Chartham Hatch society has for its home a beautiful little church, erected in 1910 during the ministry of the Rev. Aaron Smith. The building of the church was largely made possible by the gift of £100 by Mrs. Cox, of Canterbury. Tradition has it that Chartham Hatch was the first place on the circuit to be missioned by our fathers. Mrs. Oldfield has given of her best to this society, and by her devotion has helped to secure its future.

” Petham,” says the Rev. I. S. Nullis, speaking of his labours there, “is one of the most remarkable places in Kent as far as Primitive Methodism is concerned.” In Petty’s history there is a reference which confirms this view. “At Petham,” it reads, “great good was effected in the midst of opposition. Mr. Charles Parker was the first missionary. Several members were deprived of their employment and turned out of their houses. They repaired early on Sabbath mornings to an old stone quarry, where they united in prayer and praise.” After this period of persecution, however, a new chapel was erected in 1863. Here to-day excellent service is being rendered under the leadership of Mr. and Mrs. Hayward and Mr. Dennis, while Messrs. Uden and Else lead a promising Christian Endeavour Society. Here at Petham lives Mr. Richard Uden, who for sixty years has been a local preacher on the circuit.

Our church at Stelling Minnis has had a successful career. In 1863 the present church substituted a mud building. Both buildings were erected on the “minnis,” or moor, because it was impossible to get land elsewhere. The sacrifice and heroism of our members at this place is most praiseworthy. To-day, Mr. R. Uden and his wife count it an honour that they were able to pick the stones of which the present church is built. Mr. and Mrs. Raines, and Mr. and Mrs. Cooke and family, are amongst our most valuable workers at the present time, and the work of God prospers in their hands.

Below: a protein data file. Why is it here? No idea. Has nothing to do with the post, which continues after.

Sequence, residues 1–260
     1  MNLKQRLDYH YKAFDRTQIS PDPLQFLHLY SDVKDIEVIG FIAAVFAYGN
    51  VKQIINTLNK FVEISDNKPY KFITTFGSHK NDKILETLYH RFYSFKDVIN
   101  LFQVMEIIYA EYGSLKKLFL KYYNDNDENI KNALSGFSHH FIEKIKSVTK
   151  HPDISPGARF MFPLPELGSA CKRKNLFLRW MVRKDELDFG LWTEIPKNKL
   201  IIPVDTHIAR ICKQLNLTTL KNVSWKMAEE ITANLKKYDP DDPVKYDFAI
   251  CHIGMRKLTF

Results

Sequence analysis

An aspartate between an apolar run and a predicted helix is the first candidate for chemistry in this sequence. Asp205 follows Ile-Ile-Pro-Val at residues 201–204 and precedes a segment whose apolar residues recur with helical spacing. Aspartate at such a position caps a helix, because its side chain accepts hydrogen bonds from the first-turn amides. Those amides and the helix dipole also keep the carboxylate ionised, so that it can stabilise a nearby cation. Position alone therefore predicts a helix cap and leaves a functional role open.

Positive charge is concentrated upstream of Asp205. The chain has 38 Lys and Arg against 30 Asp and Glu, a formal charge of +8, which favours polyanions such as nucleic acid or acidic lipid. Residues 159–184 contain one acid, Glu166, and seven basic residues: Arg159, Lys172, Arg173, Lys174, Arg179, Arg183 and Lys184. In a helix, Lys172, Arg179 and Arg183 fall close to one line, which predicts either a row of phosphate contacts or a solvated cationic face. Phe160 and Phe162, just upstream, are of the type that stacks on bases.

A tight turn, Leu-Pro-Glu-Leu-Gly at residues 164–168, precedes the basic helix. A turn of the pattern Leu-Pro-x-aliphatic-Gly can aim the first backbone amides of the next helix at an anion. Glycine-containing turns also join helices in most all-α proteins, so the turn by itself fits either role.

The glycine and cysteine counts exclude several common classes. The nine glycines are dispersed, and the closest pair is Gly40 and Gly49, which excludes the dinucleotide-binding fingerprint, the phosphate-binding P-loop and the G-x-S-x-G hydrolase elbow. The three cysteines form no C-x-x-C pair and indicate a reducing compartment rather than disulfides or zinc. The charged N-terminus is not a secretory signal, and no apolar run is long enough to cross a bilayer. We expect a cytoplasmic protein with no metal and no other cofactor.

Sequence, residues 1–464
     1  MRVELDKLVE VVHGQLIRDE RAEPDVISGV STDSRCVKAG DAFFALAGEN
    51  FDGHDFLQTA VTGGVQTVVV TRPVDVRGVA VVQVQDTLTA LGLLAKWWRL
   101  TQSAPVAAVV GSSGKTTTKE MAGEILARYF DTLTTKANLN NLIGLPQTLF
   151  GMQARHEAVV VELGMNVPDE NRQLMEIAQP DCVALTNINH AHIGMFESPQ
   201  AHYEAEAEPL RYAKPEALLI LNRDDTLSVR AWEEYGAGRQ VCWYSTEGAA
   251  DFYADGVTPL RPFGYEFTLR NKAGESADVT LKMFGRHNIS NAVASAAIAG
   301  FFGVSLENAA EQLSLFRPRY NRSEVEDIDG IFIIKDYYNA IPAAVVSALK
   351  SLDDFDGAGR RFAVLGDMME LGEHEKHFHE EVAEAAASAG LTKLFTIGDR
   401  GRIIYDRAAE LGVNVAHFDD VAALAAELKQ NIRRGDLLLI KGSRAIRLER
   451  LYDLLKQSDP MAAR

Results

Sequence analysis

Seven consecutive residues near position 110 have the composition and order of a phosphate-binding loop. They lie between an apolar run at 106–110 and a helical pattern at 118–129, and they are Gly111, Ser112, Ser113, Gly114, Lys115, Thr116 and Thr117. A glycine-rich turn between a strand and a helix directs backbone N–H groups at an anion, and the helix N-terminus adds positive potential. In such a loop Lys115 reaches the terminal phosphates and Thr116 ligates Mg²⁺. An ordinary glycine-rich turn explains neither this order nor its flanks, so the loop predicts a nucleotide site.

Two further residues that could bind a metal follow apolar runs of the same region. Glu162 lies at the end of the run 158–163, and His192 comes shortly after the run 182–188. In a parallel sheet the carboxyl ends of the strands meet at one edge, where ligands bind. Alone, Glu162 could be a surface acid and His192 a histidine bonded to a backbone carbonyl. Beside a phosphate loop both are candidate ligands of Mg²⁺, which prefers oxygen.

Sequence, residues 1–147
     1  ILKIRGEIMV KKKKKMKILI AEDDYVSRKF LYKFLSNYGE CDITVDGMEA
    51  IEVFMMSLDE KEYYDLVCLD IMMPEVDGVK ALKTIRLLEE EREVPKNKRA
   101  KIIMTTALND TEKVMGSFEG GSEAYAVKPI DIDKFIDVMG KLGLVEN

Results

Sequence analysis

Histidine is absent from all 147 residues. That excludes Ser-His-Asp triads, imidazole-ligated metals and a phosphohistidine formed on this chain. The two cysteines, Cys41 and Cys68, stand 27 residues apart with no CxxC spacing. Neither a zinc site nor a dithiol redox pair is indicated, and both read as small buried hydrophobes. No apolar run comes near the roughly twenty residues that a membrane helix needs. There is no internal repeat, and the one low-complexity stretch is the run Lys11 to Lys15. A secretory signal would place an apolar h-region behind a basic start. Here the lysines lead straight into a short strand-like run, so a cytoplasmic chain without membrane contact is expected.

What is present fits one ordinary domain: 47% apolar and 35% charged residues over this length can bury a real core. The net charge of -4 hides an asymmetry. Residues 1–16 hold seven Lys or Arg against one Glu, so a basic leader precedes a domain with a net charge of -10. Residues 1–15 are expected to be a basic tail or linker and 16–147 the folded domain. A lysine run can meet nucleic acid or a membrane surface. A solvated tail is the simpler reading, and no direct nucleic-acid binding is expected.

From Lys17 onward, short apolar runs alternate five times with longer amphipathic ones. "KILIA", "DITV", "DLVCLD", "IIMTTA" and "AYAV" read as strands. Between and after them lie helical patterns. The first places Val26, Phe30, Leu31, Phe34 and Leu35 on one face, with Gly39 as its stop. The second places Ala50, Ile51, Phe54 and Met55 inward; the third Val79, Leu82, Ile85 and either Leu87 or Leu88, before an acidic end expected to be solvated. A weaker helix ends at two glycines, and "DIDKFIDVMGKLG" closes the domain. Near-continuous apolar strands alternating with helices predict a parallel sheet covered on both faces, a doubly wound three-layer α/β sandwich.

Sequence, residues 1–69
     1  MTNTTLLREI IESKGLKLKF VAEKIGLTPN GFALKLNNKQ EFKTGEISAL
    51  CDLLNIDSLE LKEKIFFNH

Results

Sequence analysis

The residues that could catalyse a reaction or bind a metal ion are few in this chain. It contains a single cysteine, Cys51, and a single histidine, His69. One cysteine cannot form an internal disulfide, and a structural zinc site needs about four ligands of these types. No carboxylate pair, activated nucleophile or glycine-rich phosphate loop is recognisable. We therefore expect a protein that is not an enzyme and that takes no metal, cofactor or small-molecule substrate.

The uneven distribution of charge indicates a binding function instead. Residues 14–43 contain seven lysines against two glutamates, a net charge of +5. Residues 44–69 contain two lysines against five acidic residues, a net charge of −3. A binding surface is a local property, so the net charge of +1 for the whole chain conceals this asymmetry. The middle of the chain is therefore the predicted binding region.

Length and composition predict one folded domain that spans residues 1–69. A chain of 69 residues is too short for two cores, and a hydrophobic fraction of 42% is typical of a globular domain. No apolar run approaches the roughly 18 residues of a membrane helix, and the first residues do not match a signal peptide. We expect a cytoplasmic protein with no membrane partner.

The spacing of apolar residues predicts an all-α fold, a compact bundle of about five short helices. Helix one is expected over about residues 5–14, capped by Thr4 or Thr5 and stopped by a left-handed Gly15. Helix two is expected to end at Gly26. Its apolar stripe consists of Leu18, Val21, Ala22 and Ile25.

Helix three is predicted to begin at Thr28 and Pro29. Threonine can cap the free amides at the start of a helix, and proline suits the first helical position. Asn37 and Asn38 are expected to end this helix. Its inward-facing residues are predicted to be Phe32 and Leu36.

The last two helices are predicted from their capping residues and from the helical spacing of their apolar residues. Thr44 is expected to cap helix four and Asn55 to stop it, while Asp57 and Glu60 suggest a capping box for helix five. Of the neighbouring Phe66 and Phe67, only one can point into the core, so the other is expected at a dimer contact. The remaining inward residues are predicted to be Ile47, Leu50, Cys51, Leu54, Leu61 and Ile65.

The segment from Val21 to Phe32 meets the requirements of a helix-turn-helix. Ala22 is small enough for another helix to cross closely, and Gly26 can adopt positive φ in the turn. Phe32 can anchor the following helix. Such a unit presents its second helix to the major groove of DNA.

Our operations in Boughton appear to have been made possible by Mr. W. Plommer building a church there for our use in 1851. Remarkable scenes of spiritual power followed. While the society is not so strong as formerly, under the guidance of Mr. W.T. Wicks (circuit steward), Mr. F.R. Bones, and Mr. J. Millen, lasting work is being done.

At Chilham Lees our cause was successful from the first. For fifty years Mr. E Harlow was the Sunday school superintendent, and as a consequence he is respected to-day far and wide. In recent years the church has suffered severely by emigrations and removals. Mrs. Austin’s loyalty to our cause in days of depression has been noteworthy, and to her attachment to the church we largely owe our present hopeful outlook.

One of the most wonderful revivals witnessed in Kent laid the foundations of our Shalmsford Street society. The revival began in 1885, and continued for ten years. The whole neighbourhood was moved, and numbers were converted. Mr. Joseph Watson, the leader of our work here, has been a most acceptable local preacher for thirty-seven years. For fourteen years he was on the local school board, acting for three years as chairman, with the rector as vice-chairman. His sturdy Nonconformity, and growing Christian influence, has done much to give our church a standing, and to render it successful amidst strong Anglican influences.

No reference to the Canterbury and Whitstable Circuit would be complete without a grateful acknowledgment of the effective evangelistic work rendered on it throughout a series of years by Mr. James Dykes. Possibly the best of all the features of the work of this great servant of Christ is that his converts remain in church fellowship with us. In every part of the station there are people who have been converted under his ministry. Although advancing in years, he was on the circuit as recently as the spring of 1914, when again his services were characterised with great spiritual power, and many were brought to Christ.

Thus, even in this corner of England, where the field has evidently been difficult to cultivate, our

Church has had faithful husbandmen who have sown “the incorruptible seed” beside “all waters,” and harvest after harvest has been reaped. A spirit of hope prevails to-day, and past successes may be taken to be an unmistakable prophecy of coming victories.


Christian Messenger 1914/301